Maybe there would be more of these moments in their lives…

#boardgames #cardgames #familybonding #life

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#239 (skiing Ski Bowl)

6:15 AM and the alarm was blaring to force me awake and out of bed. Didn’t the alarm know that I was on vacation. I tapped the STOP button on my iPhone and turned off the annoying buzzing and laid my head back on the bed, closed my eyes, and tried to return to a deep REM cycle. 

Failure occurred as my body was conditioned to remain awake after seven hours of sleep. So try as I might, I couldn’t reach that sleep state. S and her kids were still sound asleep and since I couldn’t sleep any longer, I got up and made a big pot of coffee, poured me a cup and enjoyed the quietness of the moment alone. 

The solitude was broken…

My watch showed 7:45 AM and I heard S rustling around upstairs followed shortly thereafter with footsteps coming down the stairs. 

“Good morning honey,” she said as she kissed me good morning while I was still seated in one of the reclining chairs (and in the reclined position). I returned the reciprocal morning greeting. She walked to the kitchen counter where the carafe of coffee holding the hot morning brew was, prepared her a cup of Joe, and sat next to me in an adjacent rocking recliner that I repositioned to look out onto the Zigzag River, which flowed about 100 feet from the back deck of the rental house. 

It was a brief quiet time where we just sat watching the river flowing and sipping our coffee before her oldest child emerged out of the back room and began banging on the door his brother had chosen for his bedroom. 

“Bang! Bang! Bang!” Then silence. Then another three loud wraps on the same door. Still nothing.

“Mom! Can you get him up? We’re supposed to be at the ski rental place in an hour!” Her oldest said in a half requesting and half demanding tone.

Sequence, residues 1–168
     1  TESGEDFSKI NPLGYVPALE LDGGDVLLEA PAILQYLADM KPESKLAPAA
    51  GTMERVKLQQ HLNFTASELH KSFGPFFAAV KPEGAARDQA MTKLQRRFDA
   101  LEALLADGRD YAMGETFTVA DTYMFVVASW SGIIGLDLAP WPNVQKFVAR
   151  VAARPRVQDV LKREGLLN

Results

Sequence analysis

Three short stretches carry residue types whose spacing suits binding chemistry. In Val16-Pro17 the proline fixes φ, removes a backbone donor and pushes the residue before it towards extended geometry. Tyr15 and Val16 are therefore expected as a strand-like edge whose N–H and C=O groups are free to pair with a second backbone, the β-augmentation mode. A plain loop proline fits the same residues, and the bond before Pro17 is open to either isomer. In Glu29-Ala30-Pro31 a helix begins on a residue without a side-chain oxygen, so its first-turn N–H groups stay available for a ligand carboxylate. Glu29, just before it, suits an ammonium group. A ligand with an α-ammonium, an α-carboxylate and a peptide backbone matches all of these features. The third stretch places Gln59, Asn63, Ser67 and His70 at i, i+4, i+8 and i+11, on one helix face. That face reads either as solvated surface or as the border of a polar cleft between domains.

S responded, “we still have to make breakfast before we go.” To which the oldest abruptly went back into the room he slept in. 

Time out…

Growing up this behavior was never tolerated in my parents house. Even when my mom and dad divorced, it was still not a behavior we showed our elders or any of our family members. Don’t get me wrong, I and my siblings may have performed normal sibling infighting stuff but it was never done in disrespect. Even today, we are civil with each other. We were never rude to our parents – well maybe it occurred once in each of our lifetimes – but I assured you, we had our attitudes adjusted swiftly by either and/or  both our parents when we had. We just didn’t treat our parents, or anyone, with disrespect.  

I couldn’t believe S allowed this behavior as I’m sure this has been the norm since her children were little. Based on the tone and the execution of the statement indicated that this wasn’t the first siting of this behavior. Mind you this was the same son who got caught by the police while he was driving under the influence of marijuana a week ago. 

Coffee break over…